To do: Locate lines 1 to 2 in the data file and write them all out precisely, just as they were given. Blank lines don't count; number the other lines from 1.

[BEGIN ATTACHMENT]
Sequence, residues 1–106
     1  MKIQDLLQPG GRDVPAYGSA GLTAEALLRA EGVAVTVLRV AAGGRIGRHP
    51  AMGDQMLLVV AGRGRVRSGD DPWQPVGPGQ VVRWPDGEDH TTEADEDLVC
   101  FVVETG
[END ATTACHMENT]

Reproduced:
Sequence, residues 1–106
     1  MKIQDLLQPG GRDVPAYGSA GLTAEALLRA EGVAVTVLRV AAGGRIGRHP